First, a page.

[Beowulf] Repeated Dell SC1435 crash / hang. How to get the vendor to resolve the issue when 20% of the servers fail in first year?

Gerry Creager gerry.creager at tamu.edu
Mon Apr 6 12:51:41 PDT 2009

Dell does have experience... and contracts... with RH for RHEL.  They do 
not recognize CentOS officially.

Rahul Nabar wrote:
> On Mon, Apr 6, 2009 at 7:46 AM, Chris Samuel <csamuel at vpac.org> wrote:
>> Even though we could reproduce it on 64-bit Debian
>> and 32-bit CentOS they wouldn't escalate the issue
>> until we could reproduce it on RHEL5 - which we did
>> today.
> Thanks for sharing the anecdote Chris. I wonder if there is any clause
> in the contracts restricting us to run certain OS's.

Dell have told us they won't support us or accept reports of problems 
running anything but RHEL on our cluster.  We therefore have one admin 
who has been brainwashed into believing RHEL is actually spelled 
"CentOS".  He calls in hardware problems and can tell them we're running 
what he believes is RHEL...

> So long as we are using a "reputable" well-tested OS I find it unfair
> that the vendors engage in so much arm-twisting. Is there any
> scientific evidence that the core kernels of Debian or Fedora or CenOS
> (that *is* essentially RHEL isn't it?) are any less reliable then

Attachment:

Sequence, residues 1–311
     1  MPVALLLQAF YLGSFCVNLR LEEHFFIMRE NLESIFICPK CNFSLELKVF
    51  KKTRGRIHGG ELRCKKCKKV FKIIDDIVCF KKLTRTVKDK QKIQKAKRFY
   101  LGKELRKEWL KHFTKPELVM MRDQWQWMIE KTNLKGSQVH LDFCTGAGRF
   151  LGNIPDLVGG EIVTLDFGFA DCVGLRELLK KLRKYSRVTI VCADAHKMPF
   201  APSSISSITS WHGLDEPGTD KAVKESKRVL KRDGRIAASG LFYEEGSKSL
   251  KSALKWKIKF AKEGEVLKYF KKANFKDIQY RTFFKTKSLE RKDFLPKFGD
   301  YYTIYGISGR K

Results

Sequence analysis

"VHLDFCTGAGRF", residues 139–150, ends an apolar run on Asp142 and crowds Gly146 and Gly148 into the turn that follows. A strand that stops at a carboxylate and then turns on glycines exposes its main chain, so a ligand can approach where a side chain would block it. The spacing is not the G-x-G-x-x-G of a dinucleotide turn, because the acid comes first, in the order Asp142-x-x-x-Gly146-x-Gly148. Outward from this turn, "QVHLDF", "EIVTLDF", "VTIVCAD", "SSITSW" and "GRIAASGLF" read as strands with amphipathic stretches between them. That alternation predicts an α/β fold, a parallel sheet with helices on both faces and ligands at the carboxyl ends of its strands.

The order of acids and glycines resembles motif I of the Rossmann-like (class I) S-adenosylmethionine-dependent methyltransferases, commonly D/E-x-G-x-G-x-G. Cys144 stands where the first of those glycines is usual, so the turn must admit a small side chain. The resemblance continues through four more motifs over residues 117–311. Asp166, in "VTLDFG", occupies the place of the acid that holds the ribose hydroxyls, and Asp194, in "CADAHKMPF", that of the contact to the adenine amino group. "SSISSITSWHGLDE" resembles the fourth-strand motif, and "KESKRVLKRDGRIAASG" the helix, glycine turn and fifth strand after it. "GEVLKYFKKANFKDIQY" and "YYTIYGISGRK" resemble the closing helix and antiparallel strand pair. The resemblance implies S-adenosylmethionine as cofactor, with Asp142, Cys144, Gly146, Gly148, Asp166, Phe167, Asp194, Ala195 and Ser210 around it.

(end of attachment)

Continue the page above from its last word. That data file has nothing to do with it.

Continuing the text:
> RHEL? What is / are the distros of choice on the Beowulf community?
> Just getting a feel.

I tend to run CentOS.  I also tend to upgrade packages on my cluster no 
more frequently than annually. But that's often too frequent, so once 
every two years or so would seem closer to accurate.  After I get it 
working, I want the compute nodes stable, not necessarily current.

> I have tried out cutting edge distros meant for scientific
> applications like ScientificLinux or ComputeNodeLinux but I've found
> it more practical to stick to a larger, well used distro. No doubt I
> might take some performance cuts on the benchmarks but the simple
> reality of a larger user community out there makes it easier to debug
> stuff and get well-tested apps and code that will run on my Distro
> out-of-the box.

SL isn't much different from CentOS save a couple of extra packages that 
make its core users' lives a little less interesting after initial 
install by putting things in place they're most likely to need. 
Otherwise, they look a lot like CentOS or any other stable Enterprise 


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